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Quit for Good: How to Drop Your Nicotine Addiction

March 22, 2024

By: Emily DeWalt, Prevention Specialist


The popularity of smoking cigarettes has significantly decreased in the past two decades. Now that we have a better understanding of how bad cigarettes are for the body, we’ve seen a dramatic drop in marketing for cigarettes and their presence in the media.  These changes are a major success for public health, but unfortunately the story does not end there. Today, instead of seeing addictive nicotine products in the form of cigarettes, we see widespread use of e-cigarettes (also known as “vapes”). There may be differences in the ingredients of cigarettes and vapes, but both contain nicotine and chemicals that we know to be detrimental to our health. With nicotine being so addictive, many people who smoke or vape want to stop relying on the drug to get them through the day. Fortunately, there are many resources available to help people quit that are easy to access and have shown to be effective.   


In 2004, the CDC and the National Cancer Institute launched its first nationwide smoking quitline 1-800-QUIT-NOW. This network made quitline services available to people in every state and U.S. territory. When someone calls the national quitline, a trained coach will help design an individualized plan for quitting cigarettes or vapes for good. The national quitline will also connect callers to state quitlines, which will provide the same service while also referring those that want to quit to local resources.


In Arizona, we have the Arizona Smokers’ Helpline (ASHLine). Since its inception in 1995, the ASHLine has offered free support for those looking to quit smoking over the phone. Today, the quitline also provides web-based quit services, which is allowing the ASHLine to reach more people seeking this service. When a caller creates a quit plan with a locally trained coach, they will plan an official quit date, discuss medications that can help with quitting, and identify and learn how to deal with triggers that may tempt them into smoking. For ongoing support, the quitline coach can talk with you over the phone, website chat and even text message. If you or a loved one wants to quit smoking, call the ASHLine at 1-800-55-66-222 to get started.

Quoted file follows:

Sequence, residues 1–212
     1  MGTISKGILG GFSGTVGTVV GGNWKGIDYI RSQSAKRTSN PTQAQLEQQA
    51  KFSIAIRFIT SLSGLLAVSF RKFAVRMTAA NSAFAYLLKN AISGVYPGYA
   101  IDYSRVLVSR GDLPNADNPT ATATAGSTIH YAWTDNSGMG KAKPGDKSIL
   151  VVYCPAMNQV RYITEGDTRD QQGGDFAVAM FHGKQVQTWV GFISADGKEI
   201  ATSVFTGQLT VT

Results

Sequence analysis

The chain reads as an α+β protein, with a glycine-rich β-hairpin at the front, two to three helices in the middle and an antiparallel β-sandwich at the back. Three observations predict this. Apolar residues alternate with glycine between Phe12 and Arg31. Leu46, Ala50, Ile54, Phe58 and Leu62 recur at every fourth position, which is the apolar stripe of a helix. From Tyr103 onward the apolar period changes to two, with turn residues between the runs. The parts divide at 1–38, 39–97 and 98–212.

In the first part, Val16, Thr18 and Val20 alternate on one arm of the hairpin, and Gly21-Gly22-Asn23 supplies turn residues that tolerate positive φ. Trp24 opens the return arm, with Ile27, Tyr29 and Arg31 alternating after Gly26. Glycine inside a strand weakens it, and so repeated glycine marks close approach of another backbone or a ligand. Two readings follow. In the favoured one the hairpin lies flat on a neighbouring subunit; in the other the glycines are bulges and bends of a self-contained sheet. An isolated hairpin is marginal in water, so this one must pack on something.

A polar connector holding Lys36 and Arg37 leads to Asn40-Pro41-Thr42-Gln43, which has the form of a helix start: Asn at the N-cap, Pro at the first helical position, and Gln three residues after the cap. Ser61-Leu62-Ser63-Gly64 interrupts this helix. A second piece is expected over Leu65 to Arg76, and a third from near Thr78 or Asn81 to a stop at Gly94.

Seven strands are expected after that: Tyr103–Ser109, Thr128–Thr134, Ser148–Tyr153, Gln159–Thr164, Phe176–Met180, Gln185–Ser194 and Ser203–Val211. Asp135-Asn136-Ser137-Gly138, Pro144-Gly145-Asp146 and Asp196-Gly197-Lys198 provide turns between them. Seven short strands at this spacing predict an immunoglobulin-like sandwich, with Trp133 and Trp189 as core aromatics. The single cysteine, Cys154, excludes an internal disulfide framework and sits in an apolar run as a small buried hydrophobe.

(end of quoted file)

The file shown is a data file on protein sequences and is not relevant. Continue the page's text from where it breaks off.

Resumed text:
It can be challenging to find in-person support when trying to stop an addiction to nicotine. Most rehabilitation or treatment centers do not provide resources for those looking to quit smoking or vaping. Fortunately, the Mayo Clinic Nicotine Dependence Center helps fill in the gap. At this clinic, specialists in smoking cessation offer many different treatment options, including talk therapy, medication, and even a residential smoking cessation program. This residential program, also known as the Intensive Tobacco Treatment Program, includes 5 days of addiction therapy and behavior change as well as a medication regimen that can be monitored by physicians. Even after this program ends, the Mayo Clinic Nicotine Dependence Center will continue to support cessation with regular check-ins and by  sharing relapse prevention strategies.


Research has found that nicotine replacement therapy products (NRT products) are highly effective to those addicted to nicotine. NRT products, such as nicotine gum or nicotine patches, help manage cravings and withdrawals once an individual stops smoking. Even though these products contain the addictive substance nicotine, NRT products are a better alternative to smoking because they give a low, controlled dose without the harmful chemicals that are inhaled while smoking. It is recommended that you talk with your provider about your plan to quit and ask about NRT products. Some of these products require a prescription, but you can find many NRT products over the counter at most pharmacies. NRT products have shown to be just as effective as bupropion, which is another smoking cessation medication that requires prescription.